In one breath, I’m standing in an atmospherically dim room surrounded by the low chatter of fellow museum-goers, in the next, I’m on the deck of a sunken ship as schools of fish and manta rays glide through the water overhead. By the time a curious blue whale majestically swoops down so that we’re eye-to-giant-eye, I’ve long forgotten my time as landlubber.
Such is the immediately immersive effect of theBlu, the Natural History Museum of Los Angeles’ immersive Virtual Reality exhibit. The VR experience allows visitors to explore three different oceanic environments and the marine life that call them home. But it’s not just plopping a headset on and turning this way and that to get a glimpse of your underwater compatriots. Users are fully able to walk around the deck of a ship or the top of a coral reef and (with the help of a controller) finally live out your dream of prodding any jellyfish foolish enough to float within your reach.
The vivid experience was created by virtual reality studio Wevr. The Wevr team, lead by Jake Rowell (whose previous work includes such video game titles as “Call of Duty” and “Final Fantasy”), consulted with NHMLA’s own scientists, ensuring that the marine life and their environments were scientifically accurate.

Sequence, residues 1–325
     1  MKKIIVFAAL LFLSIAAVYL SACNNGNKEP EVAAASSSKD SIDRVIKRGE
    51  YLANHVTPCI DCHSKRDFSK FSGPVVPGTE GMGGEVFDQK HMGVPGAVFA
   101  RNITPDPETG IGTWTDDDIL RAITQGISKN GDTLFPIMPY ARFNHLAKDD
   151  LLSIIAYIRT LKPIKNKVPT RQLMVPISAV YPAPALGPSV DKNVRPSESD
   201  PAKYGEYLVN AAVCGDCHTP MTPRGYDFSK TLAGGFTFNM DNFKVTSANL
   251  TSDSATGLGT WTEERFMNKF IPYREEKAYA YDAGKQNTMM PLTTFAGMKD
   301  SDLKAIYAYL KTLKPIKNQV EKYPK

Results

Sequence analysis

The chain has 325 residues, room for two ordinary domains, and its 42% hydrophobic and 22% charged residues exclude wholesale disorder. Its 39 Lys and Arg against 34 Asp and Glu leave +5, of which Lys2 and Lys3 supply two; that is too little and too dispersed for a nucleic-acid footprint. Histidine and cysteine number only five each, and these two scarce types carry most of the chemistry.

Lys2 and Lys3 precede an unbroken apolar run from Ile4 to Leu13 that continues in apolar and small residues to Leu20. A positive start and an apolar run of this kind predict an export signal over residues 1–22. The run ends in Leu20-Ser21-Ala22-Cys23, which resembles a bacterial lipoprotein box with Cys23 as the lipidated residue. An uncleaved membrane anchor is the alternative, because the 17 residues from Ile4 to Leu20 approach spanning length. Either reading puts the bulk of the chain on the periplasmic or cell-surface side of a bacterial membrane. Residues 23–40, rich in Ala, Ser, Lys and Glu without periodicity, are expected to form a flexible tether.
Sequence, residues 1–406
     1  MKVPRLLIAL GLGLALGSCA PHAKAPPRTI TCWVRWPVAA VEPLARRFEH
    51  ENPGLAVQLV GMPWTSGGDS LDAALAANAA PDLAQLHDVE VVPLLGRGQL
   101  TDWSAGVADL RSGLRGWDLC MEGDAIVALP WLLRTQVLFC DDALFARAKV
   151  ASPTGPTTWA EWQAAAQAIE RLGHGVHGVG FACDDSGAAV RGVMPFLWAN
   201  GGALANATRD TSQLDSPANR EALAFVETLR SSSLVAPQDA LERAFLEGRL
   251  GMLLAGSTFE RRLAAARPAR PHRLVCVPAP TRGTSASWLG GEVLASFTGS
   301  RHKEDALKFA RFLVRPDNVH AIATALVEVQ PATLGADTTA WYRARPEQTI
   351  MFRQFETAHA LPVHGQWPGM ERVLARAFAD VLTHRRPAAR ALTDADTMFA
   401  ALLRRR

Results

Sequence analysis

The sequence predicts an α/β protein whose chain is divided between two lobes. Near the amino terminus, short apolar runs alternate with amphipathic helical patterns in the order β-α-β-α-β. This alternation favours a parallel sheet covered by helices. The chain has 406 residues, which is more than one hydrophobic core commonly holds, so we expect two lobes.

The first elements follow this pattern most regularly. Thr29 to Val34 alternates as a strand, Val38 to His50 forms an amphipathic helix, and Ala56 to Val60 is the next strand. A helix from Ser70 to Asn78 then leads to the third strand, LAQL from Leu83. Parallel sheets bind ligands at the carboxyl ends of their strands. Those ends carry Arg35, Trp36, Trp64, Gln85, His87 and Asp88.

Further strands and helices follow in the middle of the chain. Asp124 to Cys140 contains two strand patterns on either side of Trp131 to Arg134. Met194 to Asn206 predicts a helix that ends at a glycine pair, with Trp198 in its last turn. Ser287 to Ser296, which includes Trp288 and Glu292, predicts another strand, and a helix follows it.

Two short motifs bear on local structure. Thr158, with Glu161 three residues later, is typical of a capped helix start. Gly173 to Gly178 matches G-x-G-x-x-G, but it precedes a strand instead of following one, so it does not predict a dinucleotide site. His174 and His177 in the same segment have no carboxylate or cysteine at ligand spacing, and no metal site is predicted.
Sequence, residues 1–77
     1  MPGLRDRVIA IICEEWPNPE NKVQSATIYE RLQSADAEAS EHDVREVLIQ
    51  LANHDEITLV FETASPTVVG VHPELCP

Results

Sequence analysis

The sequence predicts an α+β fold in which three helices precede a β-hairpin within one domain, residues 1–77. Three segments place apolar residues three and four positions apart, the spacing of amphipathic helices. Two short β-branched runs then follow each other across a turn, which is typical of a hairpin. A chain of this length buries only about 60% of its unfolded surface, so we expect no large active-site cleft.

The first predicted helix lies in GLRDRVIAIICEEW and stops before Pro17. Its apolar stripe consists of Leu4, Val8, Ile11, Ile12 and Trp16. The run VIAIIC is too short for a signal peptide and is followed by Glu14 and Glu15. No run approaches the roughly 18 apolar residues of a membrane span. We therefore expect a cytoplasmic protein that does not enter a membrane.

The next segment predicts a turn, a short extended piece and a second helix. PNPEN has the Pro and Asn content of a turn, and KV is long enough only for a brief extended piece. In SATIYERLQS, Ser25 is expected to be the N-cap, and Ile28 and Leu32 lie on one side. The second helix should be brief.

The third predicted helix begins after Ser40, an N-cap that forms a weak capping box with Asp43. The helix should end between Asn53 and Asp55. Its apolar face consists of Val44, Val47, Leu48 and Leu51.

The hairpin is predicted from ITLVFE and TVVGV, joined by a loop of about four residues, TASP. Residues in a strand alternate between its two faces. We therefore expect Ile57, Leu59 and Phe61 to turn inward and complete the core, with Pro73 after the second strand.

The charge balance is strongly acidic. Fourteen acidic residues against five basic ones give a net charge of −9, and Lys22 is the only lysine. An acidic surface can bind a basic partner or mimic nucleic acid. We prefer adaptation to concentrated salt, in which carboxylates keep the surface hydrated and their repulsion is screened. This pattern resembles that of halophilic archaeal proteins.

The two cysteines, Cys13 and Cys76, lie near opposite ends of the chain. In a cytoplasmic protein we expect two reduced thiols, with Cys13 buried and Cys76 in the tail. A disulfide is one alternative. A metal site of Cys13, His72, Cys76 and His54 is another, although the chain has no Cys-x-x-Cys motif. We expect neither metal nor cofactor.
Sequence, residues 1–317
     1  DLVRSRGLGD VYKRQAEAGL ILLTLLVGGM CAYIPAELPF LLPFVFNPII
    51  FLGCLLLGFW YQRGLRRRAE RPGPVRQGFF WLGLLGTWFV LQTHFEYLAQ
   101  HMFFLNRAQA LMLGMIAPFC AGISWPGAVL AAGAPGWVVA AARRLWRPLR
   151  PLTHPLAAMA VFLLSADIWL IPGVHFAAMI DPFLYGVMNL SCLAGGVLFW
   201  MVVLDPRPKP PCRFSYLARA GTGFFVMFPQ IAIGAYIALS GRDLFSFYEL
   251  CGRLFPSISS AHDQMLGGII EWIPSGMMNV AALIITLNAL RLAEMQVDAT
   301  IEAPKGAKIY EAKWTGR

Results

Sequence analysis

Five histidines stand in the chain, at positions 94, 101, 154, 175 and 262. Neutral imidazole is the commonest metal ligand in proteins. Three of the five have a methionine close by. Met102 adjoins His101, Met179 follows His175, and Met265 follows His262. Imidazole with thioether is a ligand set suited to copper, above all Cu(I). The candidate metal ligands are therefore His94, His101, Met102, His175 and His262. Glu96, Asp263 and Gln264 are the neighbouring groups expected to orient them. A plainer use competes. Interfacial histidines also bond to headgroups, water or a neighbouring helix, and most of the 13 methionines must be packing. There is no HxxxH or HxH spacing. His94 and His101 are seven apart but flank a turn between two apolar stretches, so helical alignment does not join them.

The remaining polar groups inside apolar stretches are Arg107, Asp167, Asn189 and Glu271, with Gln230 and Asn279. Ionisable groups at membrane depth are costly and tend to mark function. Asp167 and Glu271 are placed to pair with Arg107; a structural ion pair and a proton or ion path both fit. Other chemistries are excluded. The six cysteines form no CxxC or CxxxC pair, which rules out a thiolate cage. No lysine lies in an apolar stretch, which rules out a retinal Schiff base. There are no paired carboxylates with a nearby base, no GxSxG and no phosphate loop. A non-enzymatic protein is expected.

Indeed, if (like me) you’ve always been intrigued by the greater depths of the ocean but simultaneously harbored a fear of the potential dangers involved with real life diving, theBlu is an ideal way to experience that world from a first person point of view. But even if you are a seasoned diver, theBlu still has something wholly unique to offer, as the experience’s most thrilling section isn’t something you could do on a real life dive.
The third portion takes audiences into the deepest, darkest parts of the ocean. Using a physical controller, you sweep your VR flashlight through the darkness, illuminating grimacing visages of anglerfish and the skeletal remains of a whale. These parts of the deep-sea are inaccessible to divers. Plus, even if you could reach such depths, it’s all but guaranteed you’d never get the chance to come face to face with the famously elusive giant squid. And that right there is the beauty of virtual reality—the beauty of theBlu.
The exhibit will be available until April 28. Tickets are $8 for members and $10 for the general public.
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